Investment into the Ontario market for commercial energy storage has received another big boost, with US energy storage provider Stem Inc announcing today a significant cash injection from the Ontario Teachers’ Pension Plan group.
Energy-Storage.news has reported extensively on activities in the Canadian province, in which the Global Adjustment Charge (GAC) policy mechanism has driven C&I battery storage installations. The GAC is applicable to all electric ratepayers, but it levies higher charges on commercial and industrial (C&I) electricity users to pay for grid upgrades, clean energy infrastructure and the environmental costs of fossil fuel use.
It’s similar to what has been seen in the US, where Stem Inc uses what it calls ‘artificial intelligence-backed’ energy storage systems based on lithium-ion batteries to reduce businesses’ monthly demand charges, which like the Ontario GAC are calculated from the amount of power drawn from the grid during peaks in network demand. In addition to reducing the customer's electricity bills, within the US Stem has also aggregated 'fleets' of behind-the-meter energy storage systems together to create 'virtual power plants'.
Stem announced yesterday that Ontario Teachers’ Pension Plan has committed CA$200 million (US$152.8 million) for the financing of project acquisitions in the Ontario C&I market that lend themselves well to the US company’s AI-driven model.
In addition, multinational finance group BNP Paribas and energy technology investor Magnesium Capital have also just rounded off their involvement in Stem Inc’s previous Series D funding round. The Series D reached its second closing with US$26 million of investment from BNP Paribas, Magnesium Capital, and others.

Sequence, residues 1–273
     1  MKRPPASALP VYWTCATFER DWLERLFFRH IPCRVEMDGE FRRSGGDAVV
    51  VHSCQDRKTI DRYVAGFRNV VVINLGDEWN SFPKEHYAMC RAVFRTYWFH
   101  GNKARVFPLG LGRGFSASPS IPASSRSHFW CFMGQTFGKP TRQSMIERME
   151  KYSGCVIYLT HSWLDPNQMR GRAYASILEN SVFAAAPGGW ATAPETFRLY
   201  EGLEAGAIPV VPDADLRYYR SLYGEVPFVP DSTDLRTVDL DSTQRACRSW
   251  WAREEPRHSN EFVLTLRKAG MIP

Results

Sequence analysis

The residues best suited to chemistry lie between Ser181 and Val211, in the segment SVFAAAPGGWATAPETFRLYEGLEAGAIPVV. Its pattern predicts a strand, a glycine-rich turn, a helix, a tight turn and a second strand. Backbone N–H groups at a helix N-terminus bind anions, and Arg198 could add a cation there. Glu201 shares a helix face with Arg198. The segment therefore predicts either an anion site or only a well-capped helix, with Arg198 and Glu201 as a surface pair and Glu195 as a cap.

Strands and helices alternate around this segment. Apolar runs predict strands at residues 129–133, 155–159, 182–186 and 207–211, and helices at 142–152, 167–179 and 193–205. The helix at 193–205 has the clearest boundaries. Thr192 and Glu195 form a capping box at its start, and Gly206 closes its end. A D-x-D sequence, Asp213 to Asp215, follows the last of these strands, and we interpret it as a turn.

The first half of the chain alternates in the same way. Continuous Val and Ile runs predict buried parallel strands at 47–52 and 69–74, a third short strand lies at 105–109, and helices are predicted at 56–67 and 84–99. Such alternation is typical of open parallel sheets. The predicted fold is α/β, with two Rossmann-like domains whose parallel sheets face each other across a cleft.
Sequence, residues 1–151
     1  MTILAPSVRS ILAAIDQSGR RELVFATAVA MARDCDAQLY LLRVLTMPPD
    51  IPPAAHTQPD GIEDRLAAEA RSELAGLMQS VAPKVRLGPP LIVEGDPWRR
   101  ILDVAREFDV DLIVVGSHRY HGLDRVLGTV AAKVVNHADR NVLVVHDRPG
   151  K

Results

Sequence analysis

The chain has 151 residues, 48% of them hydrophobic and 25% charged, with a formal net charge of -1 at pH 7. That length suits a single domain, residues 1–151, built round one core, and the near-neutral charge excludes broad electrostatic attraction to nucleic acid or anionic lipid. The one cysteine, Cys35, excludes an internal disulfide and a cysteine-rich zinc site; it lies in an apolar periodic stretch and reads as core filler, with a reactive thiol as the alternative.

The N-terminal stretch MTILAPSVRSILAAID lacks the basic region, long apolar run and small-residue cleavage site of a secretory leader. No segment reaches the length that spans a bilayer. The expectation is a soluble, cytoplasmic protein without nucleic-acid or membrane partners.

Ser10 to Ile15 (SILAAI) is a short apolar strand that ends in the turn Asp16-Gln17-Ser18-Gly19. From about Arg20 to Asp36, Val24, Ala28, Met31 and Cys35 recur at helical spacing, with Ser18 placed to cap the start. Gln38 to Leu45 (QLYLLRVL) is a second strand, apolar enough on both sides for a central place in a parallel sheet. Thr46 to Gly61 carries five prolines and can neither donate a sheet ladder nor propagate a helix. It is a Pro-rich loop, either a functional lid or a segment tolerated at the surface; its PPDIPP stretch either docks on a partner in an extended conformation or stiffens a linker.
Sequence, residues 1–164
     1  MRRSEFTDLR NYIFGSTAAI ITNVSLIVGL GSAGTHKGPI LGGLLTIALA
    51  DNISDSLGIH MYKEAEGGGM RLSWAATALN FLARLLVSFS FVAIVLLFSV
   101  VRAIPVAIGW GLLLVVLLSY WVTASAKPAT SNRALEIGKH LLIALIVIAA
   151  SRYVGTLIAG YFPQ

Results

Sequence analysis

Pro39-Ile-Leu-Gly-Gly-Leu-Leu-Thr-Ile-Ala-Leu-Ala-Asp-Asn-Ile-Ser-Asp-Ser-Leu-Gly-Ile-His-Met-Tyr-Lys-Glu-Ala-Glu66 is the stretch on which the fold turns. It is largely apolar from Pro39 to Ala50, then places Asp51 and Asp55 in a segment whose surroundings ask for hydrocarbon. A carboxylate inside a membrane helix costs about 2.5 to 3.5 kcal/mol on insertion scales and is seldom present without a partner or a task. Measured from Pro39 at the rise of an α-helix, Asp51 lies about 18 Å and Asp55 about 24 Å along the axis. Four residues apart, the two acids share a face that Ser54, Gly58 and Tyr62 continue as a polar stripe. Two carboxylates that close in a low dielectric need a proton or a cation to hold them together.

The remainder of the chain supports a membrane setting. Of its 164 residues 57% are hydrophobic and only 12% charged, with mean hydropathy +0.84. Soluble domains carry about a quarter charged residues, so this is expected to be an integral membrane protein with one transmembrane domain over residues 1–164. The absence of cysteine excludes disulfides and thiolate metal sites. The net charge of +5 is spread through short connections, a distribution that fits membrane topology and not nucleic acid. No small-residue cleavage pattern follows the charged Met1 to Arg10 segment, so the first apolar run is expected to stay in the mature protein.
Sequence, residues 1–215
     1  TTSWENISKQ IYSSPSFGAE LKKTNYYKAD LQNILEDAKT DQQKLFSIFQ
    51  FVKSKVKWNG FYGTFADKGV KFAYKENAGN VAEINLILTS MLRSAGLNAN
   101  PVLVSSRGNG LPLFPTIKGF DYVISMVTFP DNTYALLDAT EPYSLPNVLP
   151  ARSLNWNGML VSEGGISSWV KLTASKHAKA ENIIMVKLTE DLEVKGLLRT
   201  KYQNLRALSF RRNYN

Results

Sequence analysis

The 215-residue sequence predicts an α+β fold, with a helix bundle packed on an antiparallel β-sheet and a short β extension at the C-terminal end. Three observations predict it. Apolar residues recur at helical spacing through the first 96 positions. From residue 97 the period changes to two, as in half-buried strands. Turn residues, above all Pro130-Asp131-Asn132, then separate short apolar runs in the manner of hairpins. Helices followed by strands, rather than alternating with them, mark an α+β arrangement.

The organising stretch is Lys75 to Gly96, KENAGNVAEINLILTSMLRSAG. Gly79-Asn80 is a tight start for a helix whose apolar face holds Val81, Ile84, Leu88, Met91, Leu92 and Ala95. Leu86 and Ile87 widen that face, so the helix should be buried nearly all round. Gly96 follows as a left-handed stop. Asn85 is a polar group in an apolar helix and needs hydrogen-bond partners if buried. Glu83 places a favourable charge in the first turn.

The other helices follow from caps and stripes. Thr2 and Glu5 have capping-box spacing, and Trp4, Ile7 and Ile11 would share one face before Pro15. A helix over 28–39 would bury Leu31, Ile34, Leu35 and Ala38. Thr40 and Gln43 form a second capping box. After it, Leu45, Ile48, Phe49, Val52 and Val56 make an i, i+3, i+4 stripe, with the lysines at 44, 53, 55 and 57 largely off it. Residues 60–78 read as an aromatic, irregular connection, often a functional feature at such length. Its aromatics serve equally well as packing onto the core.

Energy market observers and experts have long noted that the introduction of institutional investment money opened up the global market for solar PV and pointed out that this will be the profile of investor necessary to do the same for energy storage.
In early 2017, the Labourers’ Pension Fund of Central and Eastern Canada (LiUNA) committed CA$200 million of project financing towards the pipelines and development activities of developer NRStor. Just last week NRStor announced a further 42MWh of Ontario C&I projects stretched across eight installations. SUSI Energy Storage Fund, a Swiss fund aimed at encouraging institutional investors to get on board with energy storage also reached its first closing at €66 million (US$70.4 million) in April 2017, with the fund involved in financing 12MW of energy storage in Ontario by Convergent Energy & Power.
Meanwhile the latest financing deal is actually Ontario Teachers’ Pension Plan group’s second with Stem Inc. The pension group was also involved in the earlier US$80 million closing of the Series D round.
Stem said it expects the pension fund’s investment to be fully utilised within a year. The company has tailored an offering specifically to target the GAC, which it launched at the beginning of this year. Stem Inc claims that it has now got US$650 million in its project finance pool, 860 storage systems under management and it recently expanded into Japan, building on its presence in the US and Canada.
Regular readers of this site would have noted the likes of Enel making their first incursions into the Ontario market recently, while the single largest storage roll-out to date in the province was a 52.8MWh tranche of projects by Powin Energy.
Ontario, Canada was one of the regions pinpointed in our recent 'Global Energy Storage Opportunity 2018', in an article by David Hebert of EnerNOC.
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